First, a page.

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 Post subject: Application range of methods in IEEE1584Posted: Tue Sep 06, 2016 2:59 am

Joined: Tue Sep 06, 2016 2:19 am
Posts: 1
Hello everyone,

The application range for the empirical method is clearly defined : 208V to 15kV and a bolted fault current between 700A and 106kA.

But for the theoretical method, what is the applicable bolted fault current range ?
Can it be used for any voltage ?

The position about the type of bolted fault current is also not clear. Is it only for 3-phase fault ? Or 1-phase fault can be treated ?

How do you understand those ? Do you use another standard in case of you're out of one of the above range ?

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 Post subject: Re: Application range of methods in IEEE1584Posted: Tue Sep 06, 2016 8:56 am
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Joined: Tue Oct 26, 2010 9:08 am
Posts: 2174
Location: North Carolina
BleAtenas wrote:
Hello everyone,

The application range for the empirical method is clearly defined : 208V to 15kV and a bolted fault current between 700A and 106kA.

But for the theoretical method, what is the applicable bolted fault current range ?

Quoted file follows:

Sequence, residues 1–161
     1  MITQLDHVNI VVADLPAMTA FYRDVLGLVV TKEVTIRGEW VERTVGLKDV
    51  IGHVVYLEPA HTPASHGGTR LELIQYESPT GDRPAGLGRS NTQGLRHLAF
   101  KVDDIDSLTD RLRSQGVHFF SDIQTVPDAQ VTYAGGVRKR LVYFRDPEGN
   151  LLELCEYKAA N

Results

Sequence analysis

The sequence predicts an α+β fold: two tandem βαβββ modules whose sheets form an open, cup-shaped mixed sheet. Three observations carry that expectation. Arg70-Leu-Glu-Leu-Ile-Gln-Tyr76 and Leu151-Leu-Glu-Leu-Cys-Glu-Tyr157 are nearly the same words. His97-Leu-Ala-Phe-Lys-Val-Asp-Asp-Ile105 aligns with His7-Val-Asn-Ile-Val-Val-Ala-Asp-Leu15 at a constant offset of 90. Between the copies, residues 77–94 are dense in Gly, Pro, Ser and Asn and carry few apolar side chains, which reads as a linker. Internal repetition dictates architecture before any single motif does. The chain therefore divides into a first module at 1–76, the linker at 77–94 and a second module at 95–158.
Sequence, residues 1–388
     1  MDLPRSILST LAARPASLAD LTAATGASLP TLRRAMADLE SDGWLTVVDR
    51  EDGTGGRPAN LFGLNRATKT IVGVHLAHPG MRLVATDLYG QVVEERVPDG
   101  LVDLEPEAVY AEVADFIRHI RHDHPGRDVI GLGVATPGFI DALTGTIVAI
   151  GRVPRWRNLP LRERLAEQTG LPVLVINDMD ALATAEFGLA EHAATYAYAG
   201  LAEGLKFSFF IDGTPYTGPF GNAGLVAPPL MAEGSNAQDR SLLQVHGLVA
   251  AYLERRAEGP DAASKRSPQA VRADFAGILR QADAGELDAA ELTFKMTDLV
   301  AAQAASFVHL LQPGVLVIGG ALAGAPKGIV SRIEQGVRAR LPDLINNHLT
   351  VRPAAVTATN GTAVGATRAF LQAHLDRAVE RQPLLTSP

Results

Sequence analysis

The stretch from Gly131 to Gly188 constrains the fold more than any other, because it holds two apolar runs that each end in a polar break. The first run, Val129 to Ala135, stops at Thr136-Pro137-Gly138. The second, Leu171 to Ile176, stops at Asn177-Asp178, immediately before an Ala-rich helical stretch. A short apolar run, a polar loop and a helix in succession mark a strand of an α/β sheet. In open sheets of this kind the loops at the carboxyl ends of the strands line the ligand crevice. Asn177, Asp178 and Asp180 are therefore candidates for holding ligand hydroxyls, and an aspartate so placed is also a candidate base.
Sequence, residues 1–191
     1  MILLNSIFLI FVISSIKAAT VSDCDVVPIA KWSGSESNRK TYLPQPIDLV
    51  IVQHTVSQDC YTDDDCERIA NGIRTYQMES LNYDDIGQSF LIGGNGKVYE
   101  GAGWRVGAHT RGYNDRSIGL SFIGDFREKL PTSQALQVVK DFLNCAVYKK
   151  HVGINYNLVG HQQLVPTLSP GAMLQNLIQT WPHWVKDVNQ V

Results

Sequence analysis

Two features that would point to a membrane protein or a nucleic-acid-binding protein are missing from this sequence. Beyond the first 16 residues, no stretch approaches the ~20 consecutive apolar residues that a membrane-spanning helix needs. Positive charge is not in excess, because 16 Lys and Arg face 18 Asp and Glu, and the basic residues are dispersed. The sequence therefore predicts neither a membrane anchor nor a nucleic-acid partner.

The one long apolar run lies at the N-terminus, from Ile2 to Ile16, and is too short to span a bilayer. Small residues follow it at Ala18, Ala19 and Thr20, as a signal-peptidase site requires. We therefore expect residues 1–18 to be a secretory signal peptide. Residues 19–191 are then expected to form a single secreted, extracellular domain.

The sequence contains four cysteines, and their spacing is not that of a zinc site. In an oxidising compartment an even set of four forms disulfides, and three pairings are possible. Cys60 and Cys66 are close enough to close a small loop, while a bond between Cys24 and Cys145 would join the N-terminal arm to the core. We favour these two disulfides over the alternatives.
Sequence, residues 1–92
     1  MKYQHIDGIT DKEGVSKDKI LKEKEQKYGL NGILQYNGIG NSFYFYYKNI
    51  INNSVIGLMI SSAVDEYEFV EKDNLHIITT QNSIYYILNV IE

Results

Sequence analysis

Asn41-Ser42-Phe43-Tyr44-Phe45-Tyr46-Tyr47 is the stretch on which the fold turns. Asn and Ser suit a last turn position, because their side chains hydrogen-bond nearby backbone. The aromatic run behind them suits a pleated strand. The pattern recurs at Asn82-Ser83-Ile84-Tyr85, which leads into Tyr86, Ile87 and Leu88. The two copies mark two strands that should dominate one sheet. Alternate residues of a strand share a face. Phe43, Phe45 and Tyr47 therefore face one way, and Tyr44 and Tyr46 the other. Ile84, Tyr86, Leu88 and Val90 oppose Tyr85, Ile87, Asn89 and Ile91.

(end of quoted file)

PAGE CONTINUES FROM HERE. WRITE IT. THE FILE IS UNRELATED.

Can it be used for any voltage ?

The position about the type of bolted fault current is also not clear. Is it only for 3-phase fault ? Or 1-phase fault can be treated ?

How do you understand those ? Do you use another standard in case of you're out of one of the above range ?

The Lee theoretical equation is just that...theoretical. It does not have an application range as such. It is designed specifically for 3 phase bolted faults and the rest of IEEE 1584 should make it clear that no part of the standard applies to single phase faults.

In practice Lee does OK below 600 V but severely overpredicts incident energy as the voltage increases because it does not recognize that arcing voltage is almost constant at higher voltages. At the low end it severely overpredicts because it does not predict arc restriking accurately. It is also limited to open air conditions and does not accurately reflect the "focussing" effect that an enclosure has (arc-in-a-box).

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